model. Traditionally, computer simulation techniques are used to perform probabilistic
analysis. However, they provide less accurate results and cannot handle large-scale
problems due to their enormous computer processing time requirements. This
unreliable nature of the results poses a serious problem in safety critical
applications, such as those in space travel, military, and medicine. A possible
solution for overcoming these limitations is to conduct probabilistic analysis
within the sound core of a higher-order-logic theorem prover. Due to the
high expressiveness of the higher-order logic and the inherent soundness
of interactive theorem proving, this approach can be used to conduct error
free probabilistic analysis of any system, which can be expressed mathematically,
at the cost of significant user interaction.
There have been some recent developments related to the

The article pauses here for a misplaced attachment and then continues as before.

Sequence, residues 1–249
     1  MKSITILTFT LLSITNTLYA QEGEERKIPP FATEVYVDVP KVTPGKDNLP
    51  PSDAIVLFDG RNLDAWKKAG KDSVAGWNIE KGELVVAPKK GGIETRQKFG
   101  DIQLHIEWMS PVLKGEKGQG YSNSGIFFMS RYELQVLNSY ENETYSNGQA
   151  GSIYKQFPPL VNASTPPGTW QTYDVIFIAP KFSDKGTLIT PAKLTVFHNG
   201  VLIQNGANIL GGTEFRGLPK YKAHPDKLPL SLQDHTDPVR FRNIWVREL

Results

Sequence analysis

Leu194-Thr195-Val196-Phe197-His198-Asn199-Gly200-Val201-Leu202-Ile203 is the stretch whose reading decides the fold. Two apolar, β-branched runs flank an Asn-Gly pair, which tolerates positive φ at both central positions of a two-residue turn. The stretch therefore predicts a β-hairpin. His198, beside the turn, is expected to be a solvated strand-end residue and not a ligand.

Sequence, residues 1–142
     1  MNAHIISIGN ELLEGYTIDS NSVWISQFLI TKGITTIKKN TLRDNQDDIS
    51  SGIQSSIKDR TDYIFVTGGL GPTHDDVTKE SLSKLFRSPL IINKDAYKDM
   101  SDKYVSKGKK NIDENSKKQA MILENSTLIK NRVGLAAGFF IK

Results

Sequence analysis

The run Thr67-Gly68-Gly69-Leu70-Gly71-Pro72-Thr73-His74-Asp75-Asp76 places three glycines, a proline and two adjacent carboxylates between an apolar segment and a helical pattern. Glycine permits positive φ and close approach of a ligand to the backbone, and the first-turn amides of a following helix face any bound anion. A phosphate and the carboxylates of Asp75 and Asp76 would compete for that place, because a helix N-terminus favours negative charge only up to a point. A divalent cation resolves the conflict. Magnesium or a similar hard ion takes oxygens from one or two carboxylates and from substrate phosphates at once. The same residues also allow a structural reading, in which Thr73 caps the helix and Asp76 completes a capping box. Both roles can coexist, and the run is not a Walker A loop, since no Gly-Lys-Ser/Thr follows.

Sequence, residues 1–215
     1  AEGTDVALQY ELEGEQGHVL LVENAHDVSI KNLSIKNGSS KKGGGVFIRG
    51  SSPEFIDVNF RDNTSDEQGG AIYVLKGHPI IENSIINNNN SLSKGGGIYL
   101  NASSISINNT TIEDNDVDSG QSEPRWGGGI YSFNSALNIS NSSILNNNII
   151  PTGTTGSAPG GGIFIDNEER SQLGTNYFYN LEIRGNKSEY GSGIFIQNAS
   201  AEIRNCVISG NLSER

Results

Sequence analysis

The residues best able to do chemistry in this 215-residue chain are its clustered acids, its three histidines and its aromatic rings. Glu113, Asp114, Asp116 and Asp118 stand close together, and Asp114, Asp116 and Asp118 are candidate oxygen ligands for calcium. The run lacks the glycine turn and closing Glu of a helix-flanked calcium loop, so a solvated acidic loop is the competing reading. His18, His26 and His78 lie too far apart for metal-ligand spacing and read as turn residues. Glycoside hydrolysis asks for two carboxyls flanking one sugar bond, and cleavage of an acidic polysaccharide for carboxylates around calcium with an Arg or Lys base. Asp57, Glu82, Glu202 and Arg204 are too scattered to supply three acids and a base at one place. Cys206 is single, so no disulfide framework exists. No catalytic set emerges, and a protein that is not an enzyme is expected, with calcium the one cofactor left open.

automated reasoning of probabilistic notions, such as the formalization of
both discrete [1] and continuous [2,3] random variables in higher-order-logic
and the verification of their corresponding probabilistic [4] and statistical
properties [5,6,7] in a theorem prover. We believe that by utilizing these
capabilities, we can handle the higher-order-logic theorem proving based probabilistic
analysis of a variety of hardware and software systems with reasonable amount
of modeling and verification efforts. The main idea, illustrated in the figure
below, is to construct higher-order-logic models of systems while representing
their random components by appropriate formalized discrete and continuous
random variables. The probabilistic and statistical characteristics of the